Prosecutors at the R. Kelly sex trafficking trial ended their case Monday after calling dozens of witnesses over the past month who detailed the government’s sweeping allegations against the singer in lurid detail.
The defense began its case later in the day by starting to call Kelly loyalists to the witness stand in an effort to cast doubt on some of the accusers’ accounts.
A New York City jury has heard several women and two men who were in Kelly’s celebrity orbit tell the panel that he groomed them for unwanted sex and psychologically tormented them — mostly when they were teenagers — in episodes dating to the 1990s. Their accounts were backed at least in part by former Kelly employees whose own testimony suggested they were essentially paid off to look the other way or actively enable the recording artist.
Kelly’s lawyers must find ways to counter testimony from accusers alleging perverse misconduct spanning three decades. Among the troubling tableaus: his entourage locking a radio station intern in a room where he sexually assaulted her while she was passed out; witnesses claiming that he gave them herpes without disclosing he had an STD; and Kelly shooting a shaming video of one alleged victim showing her smearing feces on her face as punishment for breaking arbitrary rules meant to protect his fragile ego.
On Monday, Larry Hood, a childhood friend who worked security for Kelly as an off-duty Chicago police officer in the early 2000s, claimed he never witnessed Kelly misbehaving with underage girls. A defense attorney also asked if he saw his friend lock anyone in a room.
“No, sir,” Hood responded. If he saw that, he added, “As a police officer, I would have had to take action against that.”
On cross-examination, Hood admitted the police department fired him in 2007 after a guilty plea in a counterfeit money case, though he got to keep his pension.
A large chunk of the testimony focused on an infamous scandal involving his youngest and most famous alleged victim: R&B phenom Aaliyah. One of the final witnesses described seeing Kelly sexually abusing Aaliyah around 1993, when Aaliyah was only 13 or 14. The former backup performer also told the jury Kelly sexually abused her as well when she was 15 — another in a series of accusers who say he exploited them when they were underage.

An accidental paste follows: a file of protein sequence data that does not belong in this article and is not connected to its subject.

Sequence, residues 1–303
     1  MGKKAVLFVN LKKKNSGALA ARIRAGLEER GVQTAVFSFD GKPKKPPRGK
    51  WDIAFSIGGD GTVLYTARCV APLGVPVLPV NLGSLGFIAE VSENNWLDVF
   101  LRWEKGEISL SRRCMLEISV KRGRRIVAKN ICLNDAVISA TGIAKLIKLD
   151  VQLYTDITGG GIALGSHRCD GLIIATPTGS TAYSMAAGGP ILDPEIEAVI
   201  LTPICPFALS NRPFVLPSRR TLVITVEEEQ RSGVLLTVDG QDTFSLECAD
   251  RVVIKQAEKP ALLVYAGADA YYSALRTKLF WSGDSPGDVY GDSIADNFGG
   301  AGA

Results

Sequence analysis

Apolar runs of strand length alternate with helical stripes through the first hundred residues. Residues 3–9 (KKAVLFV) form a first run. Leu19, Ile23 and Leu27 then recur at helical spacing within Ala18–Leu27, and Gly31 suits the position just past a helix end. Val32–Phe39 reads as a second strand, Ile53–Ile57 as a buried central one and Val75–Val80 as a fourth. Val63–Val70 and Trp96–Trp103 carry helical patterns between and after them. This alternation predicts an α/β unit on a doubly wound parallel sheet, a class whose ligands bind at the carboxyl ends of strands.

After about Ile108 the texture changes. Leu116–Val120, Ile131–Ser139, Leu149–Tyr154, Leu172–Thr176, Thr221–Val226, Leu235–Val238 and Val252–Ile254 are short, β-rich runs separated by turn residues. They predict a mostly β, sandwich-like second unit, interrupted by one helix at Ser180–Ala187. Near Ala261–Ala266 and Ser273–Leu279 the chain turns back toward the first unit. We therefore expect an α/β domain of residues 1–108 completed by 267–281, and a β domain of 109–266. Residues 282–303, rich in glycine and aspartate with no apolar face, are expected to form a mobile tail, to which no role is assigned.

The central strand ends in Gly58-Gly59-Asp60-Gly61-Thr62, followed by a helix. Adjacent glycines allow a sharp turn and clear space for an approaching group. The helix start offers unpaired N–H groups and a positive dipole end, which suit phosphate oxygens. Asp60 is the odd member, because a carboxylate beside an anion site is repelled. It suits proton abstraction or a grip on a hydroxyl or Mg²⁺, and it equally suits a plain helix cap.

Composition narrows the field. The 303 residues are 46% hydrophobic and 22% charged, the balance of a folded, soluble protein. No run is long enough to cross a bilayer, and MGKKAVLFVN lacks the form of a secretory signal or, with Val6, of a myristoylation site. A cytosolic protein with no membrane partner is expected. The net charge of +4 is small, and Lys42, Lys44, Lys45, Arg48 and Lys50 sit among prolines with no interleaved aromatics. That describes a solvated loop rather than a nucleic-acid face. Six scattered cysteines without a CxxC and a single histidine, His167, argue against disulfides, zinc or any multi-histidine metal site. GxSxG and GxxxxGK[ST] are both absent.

Jurors had previously heard evidence about a fraud marriage scheme hatched to protect Kelly after he feared he had impregnated Aaliyah. A marriage license that was put into evidence falsely listed her age as 18; he was 27 at the time.
Aaliyah, whose full name was Aaliyah Dana Haughton, worked with Kelly, who wrote and produced her 1994 debut album, “Age Ain’t Nothing But A Number.” She died in a plane crash in 2001 at age 22.
The last government witness was an expert witness on abusive relationships. Dawn Hughes testified about studies showing that many abusers systematically isolate, demean, subjugate and spy on their victims as means of control — all tactics allegedly used by Kelly. Generally speaking, it isn’t unusual for powerful people like Kelly to be surrounded by underlings who “knew about it and didn’t do anything,” Hughes said.
The 54-year-old defendant, born Robert Sylvester Kelly, has pleaded not guilty to racketeering charges accusing him of running a Chicago-based enterprise of managers, bodyguards and other employees who helped him recruit and transport his victims. That alleged travel violated the Mann Act, which makes it illegal to transport anyone across state lines “for any immoral purpose” — the same law that sent rock legend Chuck Berry to prison in 1959.
Kelly, whose song “I Believe I Can Fly” topped charts, has vehemently denied the charges, claiming that the women were groupies who wanted to take advantage of his fame and fortune until the #MeToo movement turned them against him.
Oddly, members of the press and public haven’t actually seen the jailed Kelly in person since the trial began on Aug. 18. U.S. District Judge Ann Donnelly has barred people not directly involved in the case from the courtroom in what she called a coronavirus precaution.
Observers are restricted to an overflow courtroom, leaving them to try to follow the case through a video feed.